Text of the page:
Mexico is often portrayed to be dangerous and chaotic in TV Series. Characters that go there are seen to be viewed with the atmosphere color of sepia tone, an unsettling environment. That was in the 2000s but the idea is there. You then imagine Mexico as a country not suitable for tourism. Surely no one wants to get in danger while on vacation and relaxation.

Countless have gone there before but fret not! Some parts of Mexico were deemed to be safe for travel. Not only are they safe but they also offer culturally and historically rich destinations that you might want to visit! Cities of Mayan heritage, delicious food, wonderful beaches and parks wait as your holiday destination.

Surprisingly, Mexico has opened their borders to Filipinos who opt to travel at this time. We think that the locations we suggested below is worth your time.

NOTE: Before travelling, make sure to get the latest Government advise of your Destination. Click here for more information

Chichen Itza

This complex of Mayan ruins is in Yucatan Mexico. The ancient city was not only religious; it was also an urban center and central of trade at the time. Its massive step pyramid which is called El Castillo or Temple of Kukulcan dominated the ancient city from 750 AD to 1200. It was constructed both with the Maya astronomy and heavy Toltec influence. The pyramid is constructed with 91 steps on each four sides with the upper floor as the 365th, which represents a day of the year.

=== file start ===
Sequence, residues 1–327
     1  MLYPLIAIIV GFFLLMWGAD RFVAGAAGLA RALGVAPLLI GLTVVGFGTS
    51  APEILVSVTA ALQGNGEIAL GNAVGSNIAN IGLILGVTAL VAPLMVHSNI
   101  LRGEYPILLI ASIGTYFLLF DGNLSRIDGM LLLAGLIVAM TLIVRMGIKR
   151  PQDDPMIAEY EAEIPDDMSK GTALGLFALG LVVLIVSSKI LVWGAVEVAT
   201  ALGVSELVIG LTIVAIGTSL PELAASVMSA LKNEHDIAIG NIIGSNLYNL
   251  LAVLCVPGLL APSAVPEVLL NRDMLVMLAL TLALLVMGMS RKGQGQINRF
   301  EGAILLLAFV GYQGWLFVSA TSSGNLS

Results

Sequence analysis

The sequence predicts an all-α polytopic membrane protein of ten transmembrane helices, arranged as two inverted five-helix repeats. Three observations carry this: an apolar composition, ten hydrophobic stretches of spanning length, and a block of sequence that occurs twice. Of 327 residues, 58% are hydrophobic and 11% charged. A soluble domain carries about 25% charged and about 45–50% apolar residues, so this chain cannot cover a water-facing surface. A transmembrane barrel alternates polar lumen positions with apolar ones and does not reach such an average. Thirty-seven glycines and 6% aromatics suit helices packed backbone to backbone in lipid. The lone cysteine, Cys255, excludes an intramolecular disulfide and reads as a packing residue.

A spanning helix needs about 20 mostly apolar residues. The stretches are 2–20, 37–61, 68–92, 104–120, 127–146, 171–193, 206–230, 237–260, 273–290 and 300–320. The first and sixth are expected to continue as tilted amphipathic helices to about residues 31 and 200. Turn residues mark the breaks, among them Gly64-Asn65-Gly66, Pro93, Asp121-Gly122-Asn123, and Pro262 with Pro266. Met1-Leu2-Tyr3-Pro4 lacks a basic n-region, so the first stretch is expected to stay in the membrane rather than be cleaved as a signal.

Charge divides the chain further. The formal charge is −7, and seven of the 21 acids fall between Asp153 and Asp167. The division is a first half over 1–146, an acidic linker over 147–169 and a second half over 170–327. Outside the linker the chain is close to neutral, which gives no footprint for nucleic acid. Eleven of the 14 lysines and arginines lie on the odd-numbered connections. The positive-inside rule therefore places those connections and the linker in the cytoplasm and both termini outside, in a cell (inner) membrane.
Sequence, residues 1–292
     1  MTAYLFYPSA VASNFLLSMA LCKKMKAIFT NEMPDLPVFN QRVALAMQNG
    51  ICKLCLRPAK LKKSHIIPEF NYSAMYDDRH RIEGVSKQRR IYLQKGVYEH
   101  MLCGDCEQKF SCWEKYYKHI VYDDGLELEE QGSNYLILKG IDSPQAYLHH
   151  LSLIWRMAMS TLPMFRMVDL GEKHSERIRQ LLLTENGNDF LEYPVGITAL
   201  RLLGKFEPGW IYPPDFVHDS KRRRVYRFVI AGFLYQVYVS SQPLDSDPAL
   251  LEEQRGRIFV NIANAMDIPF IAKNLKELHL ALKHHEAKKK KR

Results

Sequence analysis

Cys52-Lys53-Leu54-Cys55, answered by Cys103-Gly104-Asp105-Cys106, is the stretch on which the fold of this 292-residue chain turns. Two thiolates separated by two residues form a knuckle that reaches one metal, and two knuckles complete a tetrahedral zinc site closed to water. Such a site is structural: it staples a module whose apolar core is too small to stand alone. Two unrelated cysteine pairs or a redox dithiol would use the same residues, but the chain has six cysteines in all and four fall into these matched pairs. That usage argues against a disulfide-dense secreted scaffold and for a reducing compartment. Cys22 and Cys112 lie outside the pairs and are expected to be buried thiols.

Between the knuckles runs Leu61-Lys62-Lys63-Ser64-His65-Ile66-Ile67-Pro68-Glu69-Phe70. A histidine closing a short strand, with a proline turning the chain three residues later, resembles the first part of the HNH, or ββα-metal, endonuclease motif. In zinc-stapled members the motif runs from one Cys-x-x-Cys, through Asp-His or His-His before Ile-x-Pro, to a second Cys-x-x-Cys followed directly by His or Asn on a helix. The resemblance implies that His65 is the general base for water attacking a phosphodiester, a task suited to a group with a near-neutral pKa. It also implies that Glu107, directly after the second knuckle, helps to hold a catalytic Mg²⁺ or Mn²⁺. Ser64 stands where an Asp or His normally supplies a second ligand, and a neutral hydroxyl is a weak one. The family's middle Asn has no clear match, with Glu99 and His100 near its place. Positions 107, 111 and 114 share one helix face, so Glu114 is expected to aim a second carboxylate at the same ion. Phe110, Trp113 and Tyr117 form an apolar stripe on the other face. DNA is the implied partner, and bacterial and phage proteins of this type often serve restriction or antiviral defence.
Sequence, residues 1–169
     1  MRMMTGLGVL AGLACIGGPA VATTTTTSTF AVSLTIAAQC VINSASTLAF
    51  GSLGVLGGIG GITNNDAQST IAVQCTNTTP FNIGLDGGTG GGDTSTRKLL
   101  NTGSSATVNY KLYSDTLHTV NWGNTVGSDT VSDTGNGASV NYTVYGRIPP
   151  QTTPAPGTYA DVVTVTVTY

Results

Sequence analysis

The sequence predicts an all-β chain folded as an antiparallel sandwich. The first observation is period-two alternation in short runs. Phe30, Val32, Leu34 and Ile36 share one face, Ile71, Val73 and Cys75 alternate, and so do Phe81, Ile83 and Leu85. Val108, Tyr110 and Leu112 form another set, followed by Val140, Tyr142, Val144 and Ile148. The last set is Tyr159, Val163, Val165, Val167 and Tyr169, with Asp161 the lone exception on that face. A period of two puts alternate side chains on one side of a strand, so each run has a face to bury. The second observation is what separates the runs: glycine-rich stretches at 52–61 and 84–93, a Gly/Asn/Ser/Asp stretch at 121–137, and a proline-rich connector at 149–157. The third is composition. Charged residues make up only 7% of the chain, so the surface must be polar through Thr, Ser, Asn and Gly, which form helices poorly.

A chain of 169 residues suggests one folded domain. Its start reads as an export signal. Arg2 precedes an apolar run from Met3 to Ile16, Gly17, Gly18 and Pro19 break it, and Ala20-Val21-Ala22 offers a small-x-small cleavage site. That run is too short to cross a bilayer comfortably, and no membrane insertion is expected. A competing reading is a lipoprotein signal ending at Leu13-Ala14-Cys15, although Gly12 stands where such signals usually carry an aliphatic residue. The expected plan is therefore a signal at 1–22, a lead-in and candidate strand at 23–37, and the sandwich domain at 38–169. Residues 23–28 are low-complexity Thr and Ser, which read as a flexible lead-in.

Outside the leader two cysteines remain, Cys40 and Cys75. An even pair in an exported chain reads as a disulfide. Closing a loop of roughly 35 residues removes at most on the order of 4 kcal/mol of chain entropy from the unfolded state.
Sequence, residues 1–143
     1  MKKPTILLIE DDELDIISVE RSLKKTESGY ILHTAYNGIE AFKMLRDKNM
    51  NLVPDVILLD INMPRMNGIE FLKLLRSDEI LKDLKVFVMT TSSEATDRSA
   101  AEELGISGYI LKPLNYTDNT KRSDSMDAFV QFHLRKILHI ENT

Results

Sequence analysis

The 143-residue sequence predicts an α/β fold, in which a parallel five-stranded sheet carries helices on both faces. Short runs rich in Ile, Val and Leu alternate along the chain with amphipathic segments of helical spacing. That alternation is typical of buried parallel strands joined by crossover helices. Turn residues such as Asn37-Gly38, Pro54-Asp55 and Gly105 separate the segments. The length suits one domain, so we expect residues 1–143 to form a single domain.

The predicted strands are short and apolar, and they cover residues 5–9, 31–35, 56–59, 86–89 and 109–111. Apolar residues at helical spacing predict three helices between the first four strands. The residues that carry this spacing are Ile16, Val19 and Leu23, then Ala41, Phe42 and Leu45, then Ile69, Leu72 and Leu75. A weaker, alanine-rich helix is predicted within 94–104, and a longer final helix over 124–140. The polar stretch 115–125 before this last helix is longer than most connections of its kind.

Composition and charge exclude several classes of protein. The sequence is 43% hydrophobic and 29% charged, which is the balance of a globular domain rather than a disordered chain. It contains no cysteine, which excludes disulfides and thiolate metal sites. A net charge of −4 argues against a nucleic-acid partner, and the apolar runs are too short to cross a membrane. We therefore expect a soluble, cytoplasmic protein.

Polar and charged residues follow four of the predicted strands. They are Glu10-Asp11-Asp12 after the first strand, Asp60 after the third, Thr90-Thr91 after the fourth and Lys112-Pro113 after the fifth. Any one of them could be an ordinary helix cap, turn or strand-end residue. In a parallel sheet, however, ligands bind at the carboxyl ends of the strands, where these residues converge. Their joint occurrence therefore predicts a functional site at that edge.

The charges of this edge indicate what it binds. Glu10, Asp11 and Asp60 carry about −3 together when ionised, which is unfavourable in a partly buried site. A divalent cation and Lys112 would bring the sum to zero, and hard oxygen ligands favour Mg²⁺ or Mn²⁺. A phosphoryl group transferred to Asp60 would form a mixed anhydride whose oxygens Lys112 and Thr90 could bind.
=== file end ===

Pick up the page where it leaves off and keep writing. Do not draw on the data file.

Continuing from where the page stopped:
Photo by Viktor

Tulum

Tulum is a town in the Yucatan Peninsula, facing the Caribbean seas. It is famous for its beautiful coastlines, humble but dramatic Mayan ruins and cenotes. The ancient structure resides in a rocky cliff with the large stone formation as its main building. Its beaches and resorts are open to activities such as snorkeling, swimming with whale sharks, and ziplining. Cenotes and caves are available to be explored too.

Photo by Spencer Watson

Valladolid